AIR COMPRESSOR AND GOVERNOR AIR DRYERS TO AIR START SOLENOID

REMOTE SUPPLY SERVICE/RETARDER BRAKE TANK LOW AIR SENSOR PRESSURE PROTECTION VALVE PARKING/SECONDARY BRAKE TANK

TO AUTO LUBE SOLENOID TO HORN / SEAT / CLEAN-OUT

179
789C air charging system

This schematic shows the flow of air through the 789C air charging system. Air flows from the air compressor, through the two air dryers, to the service/retarder brake tank. The 785C air charging system is the same as the 789C, but has only one air dryer. Air from the service/retarder brake tank enters the pressure protection valve. When the pressure in the service/retarder tank reaches 550 kPa (80 psi), the pressure protection valve allows air to flow to the parking/secondary brake tank, the air start system, the automatic lubrication system and the accessory circuits (horn, air seat and cab clean-out). All tanks have a check valve at the air supply port to prevent a loss of air if a leak upstream of the tank occurs.

785C has one air dryer

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180

Brake Systems
Manual retarder valve (arrow) - Engages all four service brakes - Modulates brakes better than pedal

The manual retarder valve (arrow) is controlled by the retarder lever in the cab. Normally, the retarder valve blocks air flow to the service brake relay valve near the brake master cylinders and to the front brake oil cooler diverter valve. When the retarder lever is pulled down, air flows to the service brake relay valve and the front brake oil cooler diverter valve [maximum pressure is 550 kPa (80 psi)]. The retarder lever is used to modulate the service brake engagement by metering the amount of air flow to the service brake relay valve. The retarder engages the same brakes as the service brake pedal (see Slide No. 43), but is easier to control for brake modulation.

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1. Service brake valve 2. Automatic Retarder Control (ARC) valve 3. Air supply manifold

The service brake valve (1) is controlled by the brake pedal in the cab. Supply air for the service brake valve, the manual retarder valve and the Automatic Retarder Control (ARC) valve (2) is supplied from the manifold (3). When the service brakes are engaged, air flows from the service brake valve to the service brake relay valve near the brake master cylinders and to the front brake oil cooler diverter valve [maximum pressure is 825 kPa (120 psi)]. The service brake valve engages the same brakes as the retarder, but does not control brake modulation as precisely as the retarder.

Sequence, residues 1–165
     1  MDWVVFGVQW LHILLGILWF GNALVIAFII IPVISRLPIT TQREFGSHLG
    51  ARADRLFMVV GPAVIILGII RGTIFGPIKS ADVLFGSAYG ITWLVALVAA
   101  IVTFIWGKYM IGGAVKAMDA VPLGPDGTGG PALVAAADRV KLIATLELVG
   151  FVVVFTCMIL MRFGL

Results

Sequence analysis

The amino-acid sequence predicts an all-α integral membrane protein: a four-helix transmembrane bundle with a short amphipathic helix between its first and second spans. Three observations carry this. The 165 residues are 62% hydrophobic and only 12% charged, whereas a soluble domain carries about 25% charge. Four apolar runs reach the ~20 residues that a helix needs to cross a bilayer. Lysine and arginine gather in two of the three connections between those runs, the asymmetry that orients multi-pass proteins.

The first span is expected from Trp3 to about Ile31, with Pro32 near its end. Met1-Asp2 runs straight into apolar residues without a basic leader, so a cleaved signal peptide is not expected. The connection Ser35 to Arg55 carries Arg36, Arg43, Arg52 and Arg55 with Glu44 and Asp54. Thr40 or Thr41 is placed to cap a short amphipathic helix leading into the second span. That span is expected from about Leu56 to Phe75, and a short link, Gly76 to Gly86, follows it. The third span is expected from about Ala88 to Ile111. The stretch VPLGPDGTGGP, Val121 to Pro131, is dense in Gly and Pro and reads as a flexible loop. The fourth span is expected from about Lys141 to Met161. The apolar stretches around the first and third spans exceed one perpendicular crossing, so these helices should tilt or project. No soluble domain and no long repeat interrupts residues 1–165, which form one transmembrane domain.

4. Double check valve to brake relay 5. Double check valve to front cooler diverter valve System with highest pressure engages brakes 6. Double check valve 7. Retarder switch

Air from the service brake valve and the manual retarder valve flows through the double check valve (4) to the service brake relay valve and through the double check valve (5) to the front brake oil cooler diverter valve. If the manual retarder and the service brakes are engaged at the same time, air from the system with the highest pressure will flow through the double check valves to the service brake relay valve and to the front brake oil cooler diverter valve. Air from the manual retarder valve also flows through the double check valve (6) to the retarder switch (7). The retarder switch turns on the amber retarder lamp on the dash in the operators station when the manual retarder is ENGAGED (see Slide No. 47).

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The function of the Automatic Retarder Control (ARC) system is to modulate truck braking (retarding) when descending a long grade to maintain a constant engine speed.
ARC engages separate relay valve

When the ARC is engaged, air flows from the ARC valve to a separate ARC relay valve located near the brake master cylinders. Air also flows from the ARC valve through the double check valve (6) to the retarder switch (7) and through double check valve (5) to the front brake oil cooler diverter valve. The brake light switch and the service/retarder brake switch (see Slide No. 128) are located in the supply line to the front brake oil cooler diverter valve (see Slide No. 102). The service brake valve, the manual retarder valve and the Automatic Retarder Control (ARC) valve send air to these switches when engaged. The secondary brake valve (8) is controlled by the red pedal in the cab (see Slide No. 43). When the secondary brakes are engaged, air flows from the secondary brake valve to the signal port of an inverter valve (see next slide). The inverter valve then blocks the flow of air from the secondary brake tank to the brake release valve (see Slide No. 183). Blocking the air from the brake release valve positions the spool in the brake release valve to drain the oil from the parking brakes, which allows the springs in the parking brake to ENGAGE the brakes. The secondary brake valve can be used to modulate parking brake engagement by metering the amount of air flow to the brake release valve.